I paddle down to the dam, losing the shade as the shoreline bends around. I cross above the dam and find more shade for my paddle back, crossing back over when the shade disappears.

 

 

Sunday, July 7, 2024

Low Tide Mattabesset

The river runs through freshwater tidal marsh and swamp, and the tide is all the way out. With the extra gradient, there is a current at the put-in that is rarely seen. I get an almost early start. The day will be humid with temperatures in the upper 80's, but it looks like the overcast will hold and there will be little wind if any.

Even with the nearby highway, the river is peaceful. No one else is around and it looks like I am the only one that has put-in, so far. The call of a Woodpecker comes over my right shoulder - probably a Flicker. A hundred yards in, I pass a Great Blue Heron and take the obligatory photo. This is good Heron terrain and I will see fifteen or twenty during the trip. 

Near the Point Beaver Lodge, I spot a Green Heron. It will be the only one today, and it will be in this same area when I return. The lodge looks like it might be in use although I can say exactly. We had three flood events last year that topped every known lodge in this section of the river. There is a noticeable lack of beaver sign - no cuts or peels, no scent mounds, no leftover feed sticks floating in the water. Each of the floods lasted about 2 weeks, and I suspect that the colonies moved on. Farther down the main river at Salmon Cove, the beaver responded to the high water by adding height to their lodges, but they were dealing with 5 feet. of water, not the 15 feet that the Mattabesset was getting.


There's a heavy growth of a plant that I don't recognize. I pause to take a look and realize that it is yellow pond lily fully exposed by the low tide. I did not know that the stalks were stiff enough to stand. I spot only a couple of white pond lilies today. The white lily is a floater and it may be that it doesn't do well in the tidal zone.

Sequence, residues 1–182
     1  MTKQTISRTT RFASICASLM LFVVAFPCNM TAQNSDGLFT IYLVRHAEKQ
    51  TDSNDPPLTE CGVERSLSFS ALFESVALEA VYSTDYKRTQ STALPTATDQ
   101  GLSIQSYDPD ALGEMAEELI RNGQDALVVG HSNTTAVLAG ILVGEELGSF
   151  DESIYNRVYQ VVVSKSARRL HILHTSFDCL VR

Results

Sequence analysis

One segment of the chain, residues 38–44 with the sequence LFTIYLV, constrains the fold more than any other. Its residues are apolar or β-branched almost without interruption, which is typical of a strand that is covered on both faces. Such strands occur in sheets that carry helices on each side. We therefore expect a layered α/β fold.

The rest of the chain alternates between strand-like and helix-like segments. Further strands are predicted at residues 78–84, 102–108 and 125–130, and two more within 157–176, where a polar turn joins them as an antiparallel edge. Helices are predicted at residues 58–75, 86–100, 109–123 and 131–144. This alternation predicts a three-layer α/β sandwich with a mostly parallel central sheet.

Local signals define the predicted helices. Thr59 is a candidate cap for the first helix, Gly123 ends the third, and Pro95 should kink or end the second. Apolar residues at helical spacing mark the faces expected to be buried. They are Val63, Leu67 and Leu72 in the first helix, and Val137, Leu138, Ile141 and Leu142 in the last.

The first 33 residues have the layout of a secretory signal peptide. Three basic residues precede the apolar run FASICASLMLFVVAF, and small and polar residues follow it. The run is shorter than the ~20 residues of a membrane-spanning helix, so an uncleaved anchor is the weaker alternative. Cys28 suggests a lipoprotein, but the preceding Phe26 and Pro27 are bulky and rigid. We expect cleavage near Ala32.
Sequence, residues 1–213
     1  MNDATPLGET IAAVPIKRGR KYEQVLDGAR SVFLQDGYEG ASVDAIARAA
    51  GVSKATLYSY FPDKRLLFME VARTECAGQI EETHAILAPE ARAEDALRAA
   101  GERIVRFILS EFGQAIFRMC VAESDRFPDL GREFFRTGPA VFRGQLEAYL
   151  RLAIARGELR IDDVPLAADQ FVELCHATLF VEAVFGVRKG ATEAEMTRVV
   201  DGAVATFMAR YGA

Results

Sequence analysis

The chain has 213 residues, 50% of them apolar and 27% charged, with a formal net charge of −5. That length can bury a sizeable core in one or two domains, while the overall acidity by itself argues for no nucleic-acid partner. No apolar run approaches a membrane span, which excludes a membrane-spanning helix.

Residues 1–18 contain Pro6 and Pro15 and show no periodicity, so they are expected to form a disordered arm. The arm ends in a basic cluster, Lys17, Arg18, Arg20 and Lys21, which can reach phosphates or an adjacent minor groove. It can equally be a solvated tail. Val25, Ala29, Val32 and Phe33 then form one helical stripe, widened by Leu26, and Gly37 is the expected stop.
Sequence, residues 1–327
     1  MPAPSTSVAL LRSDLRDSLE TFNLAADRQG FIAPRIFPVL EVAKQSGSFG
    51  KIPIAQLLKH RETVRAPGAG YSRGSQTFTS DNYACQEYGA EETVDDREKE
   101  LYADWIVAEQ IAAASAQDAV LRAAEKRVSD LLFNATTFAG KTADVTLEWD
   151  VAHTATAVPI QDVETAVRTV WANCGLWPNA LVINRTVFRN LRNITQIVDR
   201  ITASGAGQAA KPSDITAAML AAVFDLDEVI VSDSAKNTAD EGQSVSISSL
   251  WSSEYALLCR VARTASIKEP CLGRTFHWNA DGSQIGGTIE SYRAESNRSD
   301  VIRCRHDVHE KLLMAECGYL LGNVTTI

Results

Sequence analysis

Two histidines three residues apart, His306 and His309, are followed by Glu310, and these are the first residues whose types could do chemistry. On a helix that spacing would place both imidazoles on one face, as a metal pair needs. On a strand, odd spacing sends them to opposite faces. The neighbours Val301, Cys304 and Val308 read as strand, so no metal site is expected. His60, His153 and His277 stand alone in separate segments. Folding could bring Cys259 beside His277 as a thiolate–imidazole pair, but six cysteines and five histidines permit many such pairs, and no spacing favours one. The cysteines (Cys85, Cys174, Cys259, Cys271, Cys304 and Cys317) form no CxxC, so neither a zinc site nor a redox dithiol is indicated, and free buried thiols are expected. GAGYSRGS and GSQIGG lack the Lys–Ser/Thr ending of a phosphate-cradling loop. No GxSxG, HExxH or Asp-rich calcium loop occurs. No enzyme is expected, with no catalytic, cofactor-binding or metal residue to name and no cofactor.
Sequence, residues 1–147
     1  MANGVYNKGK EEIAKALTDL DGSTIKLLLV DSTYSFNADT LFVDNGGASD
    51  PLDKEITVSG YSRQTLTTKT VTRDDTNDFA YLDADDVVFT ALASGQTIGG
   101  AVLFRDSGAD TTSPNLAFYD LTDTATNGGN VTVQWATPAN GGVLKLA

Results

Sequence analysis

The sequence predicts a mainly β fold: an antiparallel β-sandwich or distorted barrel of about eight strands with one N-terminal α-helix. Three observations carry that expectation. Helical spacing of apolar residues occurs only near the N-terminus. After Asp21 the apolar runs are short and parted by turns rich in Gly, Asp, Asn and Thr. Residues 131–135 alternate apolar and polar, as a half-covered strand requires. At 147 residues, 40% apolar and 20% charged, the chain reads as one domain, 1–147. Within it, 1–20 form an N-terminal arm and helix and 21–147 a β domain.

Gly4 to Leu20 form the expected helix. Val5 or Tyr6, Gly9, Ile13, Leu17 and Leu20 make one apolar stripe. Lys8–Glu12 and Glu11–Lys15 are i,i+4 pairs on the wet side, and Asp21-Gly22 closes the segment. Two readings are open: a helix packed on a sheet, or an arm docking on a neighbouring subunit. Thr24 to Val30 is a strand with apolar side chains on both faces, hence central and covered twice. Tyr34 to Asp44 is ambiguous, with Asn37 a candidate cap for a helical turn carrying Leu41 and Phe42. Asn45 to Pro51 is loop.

Yellow Pond Lilies

A muskrat crosses the river in front of me. 


 

As I round the point near where the Coginchaug enters, there is a young Bald Eagle. Its feathers are mottled - probably a 2 year old just moving toward the white tail and head coloring of an adult. It stays pretty calm and lets me take several photos. As I turn away, there is a whitetail doe swimming the river.

I head up the Coginchaug. It is running a bit more shallow and faster than the Mattabesset. The beaver lodges look abandoned and there is no sign. There are a lot of Kingfishers. In fact, by the time I come out, the Kingfishers will have outnumbered the Great Blue Herons by a good amount. Besides fish, they may be feeding on some bugs, there is a healthy horsefly and green head fly population. The other day, I saw a Kingfisher snatch a cicada out of midair, so it can be done. 


I manage to get to the first big log jam. I wasn't sure that would happen with the low water. Anyway, this is the turn-around point, as it is also the point of useless-to-continue being that there are more logjams and only a couple hundred yards of canoeable river above this.

I pass the Green Heron pretty much where I last saw it.





 


Saturday, July 6, 2024

Storm Trash

Morning brings a pair of thunderstorms that dump three quarters of an inch of rain. Afterwards, although the sky is a thick overcast and more rain is possible, the weatherman's radar shows that thunder is over for the time being. 

I put in from O'Sullivan's Island near the upper end of the tidal section of the big river. Here, the river is somewhat enclosed in a deep enough valley to give me some protection just in case the weatherman's radar missed something. The tip of O'Sullivan's is also the confluence of the Housatonic and Naugatuck Rivers.